Delta, Mike 2 - VC/NVA Part Two

NVA/VC Part Two


VC - NOT MAINFORCE VC - BUT PLAIN JANE VC, seem to have operated on an extended platoon organization based around a HQ squad and no set number of other squads. Each village seemed to provide it's own squad or maybe more, if it was a big village. The HQ always came from a NVA trained cadre from the MAINFORCE VC as near as I could tell at Grunt and MP level. This HQ squad seemed to always have a small squad size base camp in the jungle, and seldom entered the villages and hamlets as a unit.

Squads from hamlets and villages rendezvoused with this HQ squad for operations, and never seem to actually visit the base camp. But they always knew where to find the squad contact point.

Everyone had official RVN citizen ID cards-never saw a dead gook without one!

I think that these guys were organized in approx squads of 6 - 9 guerillas. Most had access to SKS rifles, Hand Grenades, LMG (sometimes) and an RPG. Soldiers in country almost a year before me said they used to have old French, WWII German, and ex ARVN (USA WWII) weapons. I myself picked up as a trophy a WW II German Army Walther 9mm with extra mags off of a dead VC NCO or Officer. And of course these guys all wore the papasan hat, black pjs, and flipflops in addition to weapons - hide the weapons and they were civilians. Units had men and women - men were either under age for ARVN service or overage, or "disabled" but military age.

Mainly used as rear area harassment troops, AP, mining roadways, setting up mantraps, scouts, spies, terrorists, etc. Occasionally used to fight with US troops but preferred to fight with ARVN and National Police troops. Sometime platoons would come together for company and battalion size operations - usually against the ARVN or the National Police units or installations. Operated mainly at night and during bad weather in spite of local superstitions.


Well trained. well armed, brave, brutal, and well led with very good morale. Good at jungle operations, very good at ambushes of any size, day or night. Very casual in their execution of POWs, the wounded, and anyone else that was a threat or as a needed example for all to see...................

Squads of 6 - 9 soldiers, always with AKs, HG, RPG, and RPD machine guns, platoons always with some kind of mortar support, sometimes as large as 120mm mortars, and 122mm rockets (company and battalion size units only had these weapons). Operated day or night, stand fights no problem, but prefer night and bad weather operations (US airpower and artillery handicapped by same was their theory). They were NOT REAL FLEXIBLE THOUGH!!!!!!! Sometimes using the same attack plans , or continuing with what ever the plan was until casualties became too high. Officers seemed to view soldiers like rifle cartridges.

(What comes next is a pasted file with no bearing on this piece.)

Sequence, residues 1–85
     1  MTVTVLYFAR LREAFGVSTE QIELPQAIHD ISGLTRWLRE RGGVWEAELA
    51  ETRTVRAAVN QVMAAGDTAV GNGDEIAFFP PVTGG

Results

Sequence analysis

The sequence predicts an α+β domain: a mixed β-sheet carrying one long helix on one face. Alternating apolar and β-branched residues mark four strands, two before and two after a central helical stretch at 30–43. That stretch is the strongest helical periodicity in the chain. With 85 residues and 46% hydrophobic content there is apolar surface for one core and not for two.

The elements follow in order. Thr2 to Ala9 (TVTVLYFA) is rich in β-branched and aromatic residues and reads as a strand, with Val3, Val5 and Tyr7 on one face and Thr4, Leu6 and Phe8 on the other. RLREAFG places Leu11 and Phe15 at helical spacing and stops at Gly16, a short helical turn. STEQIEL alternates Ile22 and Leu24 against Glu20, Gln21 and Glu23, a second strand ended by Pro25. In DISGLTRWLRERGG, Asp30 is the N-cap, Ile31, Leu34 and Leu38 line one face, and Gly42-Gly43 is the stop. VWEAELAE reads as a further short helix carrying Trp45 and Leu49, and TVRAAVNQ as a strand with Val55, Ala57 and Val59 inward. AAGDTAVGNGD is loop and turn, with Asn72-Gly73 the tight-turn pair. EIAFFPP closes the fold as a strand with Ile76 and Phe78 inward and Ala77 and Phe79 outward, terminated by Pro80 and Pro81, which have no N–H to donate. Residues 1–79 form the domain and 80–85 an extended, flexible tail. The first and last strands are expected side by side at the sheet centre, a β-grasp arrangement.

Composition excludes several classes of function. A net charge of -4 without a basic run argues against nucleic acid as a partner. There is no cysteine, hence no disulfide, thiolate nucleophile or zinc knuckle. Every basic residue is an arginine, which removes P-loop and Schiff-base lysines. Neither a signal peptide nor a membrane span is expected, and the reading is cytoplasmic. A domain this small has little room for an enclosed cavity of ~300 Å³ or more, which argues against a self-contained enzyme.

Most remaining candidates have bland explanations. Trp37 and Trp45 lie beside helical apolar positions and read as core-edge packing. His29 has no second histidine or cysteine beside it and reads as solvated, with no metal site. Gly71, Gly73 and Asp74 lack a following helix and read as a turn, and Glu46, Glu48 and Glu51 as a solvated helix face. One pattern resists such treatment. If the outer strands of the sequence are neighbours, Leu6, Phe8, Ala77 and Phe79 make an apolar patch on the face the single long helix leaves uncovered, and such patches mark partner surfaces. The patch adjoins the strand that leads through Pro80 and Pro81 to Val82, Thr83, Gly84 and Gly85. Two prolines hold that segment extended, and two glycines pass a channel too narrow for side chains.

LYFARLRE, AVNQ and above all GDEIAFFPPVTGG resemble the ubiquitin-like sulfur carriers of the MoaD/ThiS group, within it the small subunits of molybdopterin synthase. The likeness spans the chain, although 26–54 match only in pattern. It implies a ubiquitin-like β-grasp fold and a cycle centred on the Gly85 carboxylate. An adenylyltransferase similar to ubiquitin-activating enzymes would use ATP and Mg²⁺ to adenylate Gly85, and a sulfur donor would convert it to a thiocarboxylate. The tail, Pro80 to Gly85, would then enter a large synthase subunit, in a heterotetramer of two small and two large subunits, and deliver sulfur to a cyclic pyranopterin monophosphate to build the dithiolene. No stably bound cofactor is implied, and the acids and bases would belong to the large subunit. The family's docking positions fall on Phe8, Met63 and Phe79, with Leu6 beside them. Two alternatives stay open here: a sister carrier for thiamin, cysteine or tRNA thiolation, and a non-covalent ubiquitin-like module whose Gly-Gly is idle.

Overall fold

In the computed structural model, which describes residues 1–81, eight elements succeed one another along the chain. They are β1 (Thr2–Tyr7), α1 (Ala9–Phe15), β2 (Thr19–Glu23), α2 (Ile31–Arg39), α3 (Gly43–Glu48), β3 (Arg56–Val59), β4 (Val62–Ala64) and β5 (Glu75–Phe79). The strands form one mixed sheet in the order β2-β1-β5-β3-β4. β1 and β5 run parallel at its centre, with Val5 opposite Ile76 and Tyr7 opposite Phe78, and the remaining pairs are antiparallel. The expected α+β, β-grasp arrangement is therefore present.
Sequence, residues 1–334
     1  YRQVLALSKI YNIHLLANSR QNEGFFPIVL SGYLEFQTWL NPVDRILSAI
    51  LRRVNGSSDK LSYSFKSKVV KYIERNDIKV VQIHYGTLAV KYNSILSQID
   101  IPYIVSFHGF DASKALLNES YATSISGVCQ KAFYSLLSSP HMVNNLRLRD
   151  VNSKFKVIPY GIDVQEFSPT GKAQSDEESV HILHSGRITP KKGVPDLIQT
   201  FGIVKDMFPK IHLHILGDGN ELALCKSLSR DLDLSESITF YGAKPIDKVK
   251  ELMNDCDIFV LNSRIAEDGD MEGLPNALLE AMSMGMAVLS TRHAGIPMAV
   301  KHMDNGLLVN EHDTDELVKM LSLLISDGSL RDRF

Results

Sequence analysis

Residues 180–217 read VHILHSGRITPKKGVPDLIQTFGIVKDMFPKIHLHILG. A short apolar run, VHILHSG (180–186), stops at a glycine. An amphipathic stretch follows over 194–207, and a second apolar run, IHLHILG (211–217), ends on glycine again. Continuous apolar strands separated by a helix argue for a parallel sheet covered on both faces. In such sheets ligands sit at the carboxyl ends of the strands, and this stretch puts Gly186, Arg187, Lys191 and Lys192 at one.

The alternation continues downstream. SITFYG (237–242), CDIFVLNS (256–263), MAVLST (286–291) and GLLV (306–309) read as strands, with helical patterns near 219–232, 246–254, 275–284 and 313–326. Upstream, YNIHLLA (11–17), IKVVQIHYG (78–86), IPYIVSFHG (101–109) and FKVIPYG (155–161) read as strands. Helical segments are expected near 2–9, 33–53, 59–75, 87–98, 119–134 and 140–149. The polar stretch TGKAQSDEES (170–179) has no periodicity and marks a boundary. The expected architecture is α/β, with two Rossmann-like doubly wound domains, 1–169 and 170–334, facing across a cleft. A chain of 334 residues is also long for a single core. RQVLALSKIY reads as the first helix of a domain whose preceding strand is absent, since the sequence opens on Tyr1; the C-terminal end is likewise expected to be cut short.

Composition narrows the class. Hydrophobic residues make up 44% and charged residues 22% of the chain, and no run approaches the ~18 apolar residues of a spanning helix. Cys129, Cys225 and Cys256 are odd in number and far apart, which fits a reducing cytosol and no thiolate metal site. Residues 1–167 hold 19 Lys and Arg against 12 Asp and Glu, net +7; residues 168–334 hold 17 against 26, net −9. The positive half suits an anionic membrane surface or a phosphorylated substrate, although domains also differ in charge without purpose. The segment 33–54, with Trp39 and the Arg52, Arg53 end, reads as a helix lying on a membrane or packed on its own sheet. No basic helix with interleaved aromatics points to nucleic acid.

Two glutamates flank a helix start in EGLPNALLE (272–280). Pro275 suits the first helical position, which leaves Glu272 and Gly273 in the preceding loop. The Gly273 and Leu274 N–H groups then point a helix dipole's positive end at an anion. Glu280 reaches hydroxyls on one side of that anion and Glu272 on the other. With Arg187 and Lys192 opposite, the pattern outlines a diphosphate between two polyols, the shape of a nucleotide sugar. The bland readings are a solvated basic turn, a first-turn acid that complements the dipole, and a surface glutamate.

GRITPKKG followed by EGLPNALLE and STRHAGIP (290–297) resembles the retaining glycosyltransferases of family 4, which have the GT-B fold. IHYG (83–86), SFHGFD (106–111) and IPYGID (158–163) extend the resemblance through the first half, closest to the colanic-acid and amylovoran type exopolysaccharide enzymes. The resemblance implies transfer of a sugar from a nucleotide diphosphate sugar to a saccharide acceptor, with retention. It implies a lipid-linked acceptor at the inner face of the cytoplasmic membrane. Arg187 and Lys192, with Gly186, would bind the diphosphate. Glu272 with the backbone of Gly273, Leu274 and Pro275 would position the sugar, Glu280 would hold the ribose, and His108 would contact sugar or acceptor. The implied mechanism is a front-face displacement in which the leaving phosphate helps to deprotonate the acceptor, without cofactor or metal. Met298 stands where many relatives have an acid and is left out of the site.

They always tried to recover weapons, wounded and bodies to hide their loses in personnel and to cut down on equipment loss. They never used our M-16s, preferring the much more reliable AK to our weapon. They would use them in a pinch. They liked our M-60s, M79s, and .45 Colts. Our mortars were used against us too - ARVNs kept them in a ready supply of abandoned or sold outright weapons.

The MAINFORCE VC/ NVA always seemed to outnumber us in firefights. This may seem odd but a lot of US companies that had 250 on paper, really had anywhere from 150 -100 in the field in real life. Some were smaller - one company in my battalion had about 90 guys. And although there are 4 fighting Co in a battalion, 1 is always standing down at base camp, so that leaves 3 in the field. My company had 200 men after just a short while in country, in 4 platoons, plus a HQ platoon (mostly at base camp).

Fights were always hard, and it was rare to see the enemy until either they assaulted you, or you assaulted them!!!!! Mostly just shoot at muzzle flashes, dancing leaves/dust (muzzle blast effect), sounds, an occasional man seen running or moving briefly. Same for them! Best way to survive was not become a target or stay in one place too long, Firefights usually start at short range , say 10 - 25 yards or less, and both sides rapidly form firing lines, sometimes trying to get around or on the flanks of the enemy, but mostly a slugfest! Eventually, when they got close enough, they would try to close with us to avoid airstrikes, mortars, and artillery fire.

Night battles always saw them rush our NDP time and time again, sometimes they would get close enough for hand to hand, or penetrate the NDP or the perimeter (you were in real trouble if you were fighting inside a circle in the jungle - you were surrounded) or the firing line.

ARVNs seem to have been organized along the lines of 1950s USA/USMC at first, and later similar to USA/USMC of the 60s.It is hard to tell as I never had much to do with the ARVN, RF or PF troops - some one that served as an MACV or Divisional advisor would be of more help here. I mainly operated with ARVN MP and National Police later. I do know that ARVN's were poorly paid, poorly led, poorly motivated, and poorly equipped with shortages of everything - including the will to fight in line units. Airborne, Ranger, Marines and Seals were all a much better story, as were the ARVN MPs (QC). The RF/PF were real losers, as were the National Police..............

Well, Michael I hope this helped answer some questions. I will answer the others as I can!



1st Infantry Division TAOR (1969)

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